Today: Apr 21, 2024

Football Alumn Morrison speaks

Edward Rudman Sports Writer

Former SCSU football alum Patrick Morrison ’88 was featured on the university’s weekly ‘Words of Wisdom Wednesday’ virtual series on March. 24, 2021 at 12 p.m. 

    Director of community engagement Jim Barber ’64, MS ‘79 hosted. Barber was a member of the football and track and field teams during his time as an Owl and went on to coach for each team at the school. 

The event was in interview format, with Barber asking Morrison questions about his childhood, time at Southern and life afterwards. Questions were opened to the audience in attendance towards the end. 

Gregory Bernard, director of alumni relations, started this edition of W.O.W with an opening statement. 

“We want to thank all of you for joining in today, we truly appreciate it,” said Bernard. “We also want to thank the alumni association for sponsoring this event and many of our student and alumni events. To provide a little background, this series was created to highlight some of our amazing alumni doing tremendous things in their personal and professional lives.” 

Bernard went on to introduce Barber and Morrison moderating the event. 

“When Patrick was here as a student, certainly I was kind of behind the scenes,” said Barber. “But certainly, had the pleasure of being able to witness his contributions to the university, his athletic programs, and his participation as a student athlete.” 

Morrison’s accolades include All ECAC, Top 10 All-New England Player, and 1987 Top 21 safeties in the country honors. After graduating, Morrison entered the 1987 NFL draft and was selected by the New York Giants. He spent three seasons with the team. 

After his stint in the NFL, Morrison went on to play wide receiver in the Arena Football League for the New York Nights, according to Southern’s athletic website. 

Before his football career at Southern and beyond took off, Morrison was an 8-and-a-half-year-old who found himself in New Rochelle after moving from England with his mother.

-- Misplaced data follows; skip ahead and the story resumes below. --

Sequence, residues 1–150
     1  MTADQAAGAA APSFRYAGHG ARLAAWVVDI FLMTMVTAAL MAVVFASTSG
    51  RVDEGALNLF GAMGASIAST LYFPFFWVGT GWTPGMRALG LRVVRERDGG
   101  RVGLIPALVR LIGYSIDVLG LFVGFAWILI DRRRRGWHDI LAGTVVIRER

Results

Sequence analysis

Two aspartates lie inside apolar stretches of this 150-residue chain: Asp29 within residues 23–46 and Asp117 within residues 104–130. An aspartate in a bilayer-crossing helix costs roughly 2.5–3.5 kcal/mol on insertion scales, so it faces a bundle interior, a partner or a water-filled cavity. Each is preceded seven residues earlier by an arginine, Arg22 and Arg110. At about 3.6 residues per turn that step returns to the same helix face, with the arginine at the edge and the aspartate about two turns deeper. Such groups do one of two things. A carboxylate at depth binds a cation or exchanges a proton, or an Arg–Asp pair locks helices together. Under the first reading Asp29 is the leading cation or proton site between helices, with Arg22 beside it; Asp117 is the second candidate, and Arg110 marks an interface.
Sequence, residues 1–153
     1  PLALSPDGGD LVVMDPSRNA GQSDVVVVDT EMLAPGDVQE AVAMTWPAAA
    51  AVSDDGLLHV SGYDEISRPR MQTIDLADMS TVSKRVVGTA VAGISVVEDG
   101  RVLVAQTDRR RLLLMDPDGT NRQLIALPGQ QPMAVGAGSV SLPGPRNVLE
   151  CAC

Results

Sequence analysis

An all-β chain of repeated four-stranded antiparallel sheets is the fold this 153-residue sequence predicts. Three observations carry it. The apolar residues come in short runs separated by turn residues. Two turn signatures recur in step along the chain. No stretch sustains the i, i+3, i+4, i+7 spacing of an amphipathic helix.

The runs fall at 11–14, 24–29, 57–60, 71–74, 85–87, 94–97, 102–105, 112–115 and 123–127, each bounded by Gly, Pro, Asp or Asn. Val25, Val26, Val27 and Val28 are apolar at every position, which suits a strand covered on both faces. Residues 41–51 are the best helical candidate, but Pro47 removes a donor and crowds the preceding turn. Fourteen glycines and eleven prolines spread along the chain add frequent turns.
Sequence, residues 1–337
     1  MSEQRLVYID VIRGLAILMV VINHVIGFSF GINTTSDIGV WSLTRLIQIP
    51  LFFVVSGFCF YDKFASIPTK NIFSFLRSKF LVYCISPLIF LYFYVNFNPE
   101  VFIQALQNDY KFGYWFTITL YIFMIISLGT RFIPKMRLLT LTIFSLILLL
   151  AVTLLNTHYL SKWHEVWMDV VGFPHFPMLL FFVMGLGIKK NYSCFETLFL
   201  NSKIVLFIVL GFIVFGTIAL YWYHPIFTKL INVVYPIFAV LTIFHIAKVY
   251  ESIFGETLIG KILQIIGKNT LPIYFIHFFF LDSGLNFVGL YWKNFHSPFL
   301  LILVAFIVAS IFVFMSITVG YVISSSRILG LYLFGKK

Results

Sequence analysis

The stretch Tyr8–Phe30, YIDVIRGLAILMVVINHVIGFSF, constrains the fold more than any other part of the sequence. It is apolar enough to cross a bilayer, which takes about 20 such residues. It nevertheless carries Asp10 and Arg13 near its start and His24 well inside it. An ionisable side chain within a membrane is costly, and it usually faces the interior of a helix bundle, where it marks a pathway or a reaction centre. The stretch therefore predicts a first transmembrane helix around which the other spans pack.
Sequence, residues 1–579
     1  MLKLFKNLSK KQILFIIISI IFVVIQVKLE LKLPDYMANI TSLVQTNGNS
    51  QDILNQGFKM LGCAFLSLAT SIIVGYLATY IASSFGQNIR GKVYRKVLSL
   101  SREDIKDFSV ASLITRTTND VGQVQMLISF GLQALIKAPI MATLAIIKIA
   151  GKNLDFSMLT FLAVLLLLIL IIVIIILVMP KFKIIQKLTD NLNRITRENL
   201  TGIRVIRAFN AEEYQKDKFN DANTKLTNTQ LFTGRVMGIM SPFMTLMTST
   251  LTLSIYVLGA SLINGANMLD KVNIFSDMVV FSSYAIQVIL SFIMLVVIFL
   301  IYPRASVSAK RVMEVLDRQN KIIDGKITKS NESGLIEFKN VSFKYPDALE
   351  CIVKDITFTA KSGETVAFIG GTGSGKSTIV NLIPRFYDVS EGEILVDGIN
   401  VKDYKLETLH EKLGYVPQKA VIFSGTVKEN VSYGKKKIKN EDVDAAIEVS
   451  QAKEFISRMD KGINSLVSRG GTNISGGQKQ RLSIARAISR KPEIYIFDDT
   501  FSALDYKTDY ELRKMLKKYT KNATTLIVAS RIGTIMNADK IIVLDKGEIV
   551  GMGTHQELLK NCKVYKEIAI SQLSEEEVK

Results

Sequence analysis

“No matter how much I attempted to sound ‘American,’ I wasn’t organic to America,” said Morrison. “I was tall for my age, dark skin, and sounded funny. So, you got a dark skin black boy who had an English accent — now that’s not a common thing. Maybe today, but back then in 1974, you really didn’t hear young black boys sounding like the Queen or Prince Charles, and that right there sent a message that this kid is different. He is not like us.” 

Because of his differences, Morrison became a target for New Rochelle’s boys his age and said he did not have any friends. 

“I learned the hard way, through trial and error some would say, to be able to defend myself, to be able to part of the culture and know what it takes to be an American,” said Morrison. “I had to work through it, physically, mentally, socially.” 

Morrison said the one thing that helped him the most to assimilate into American culture was his natural athletic ability, due to America’s value of sports.  

“I was embraced through my athletic ability. I gained friends that way,” said Morrison. 

Morrison was introduced to football by one of his first friends in New Rochelle, Earl Bradshaw. He went in to play football for New Rochelle High School, where he played varsity for all four years as a wide receiver and defensive back. Upon graduating, he was an All-County and All-State Honorable Mention. 

During his freshman year at Southern, Morrison matured as a football player and student. Morrison admitted he did not care about his academics during his first year at school and was almost kicked out of school for having too low of a GPA. 

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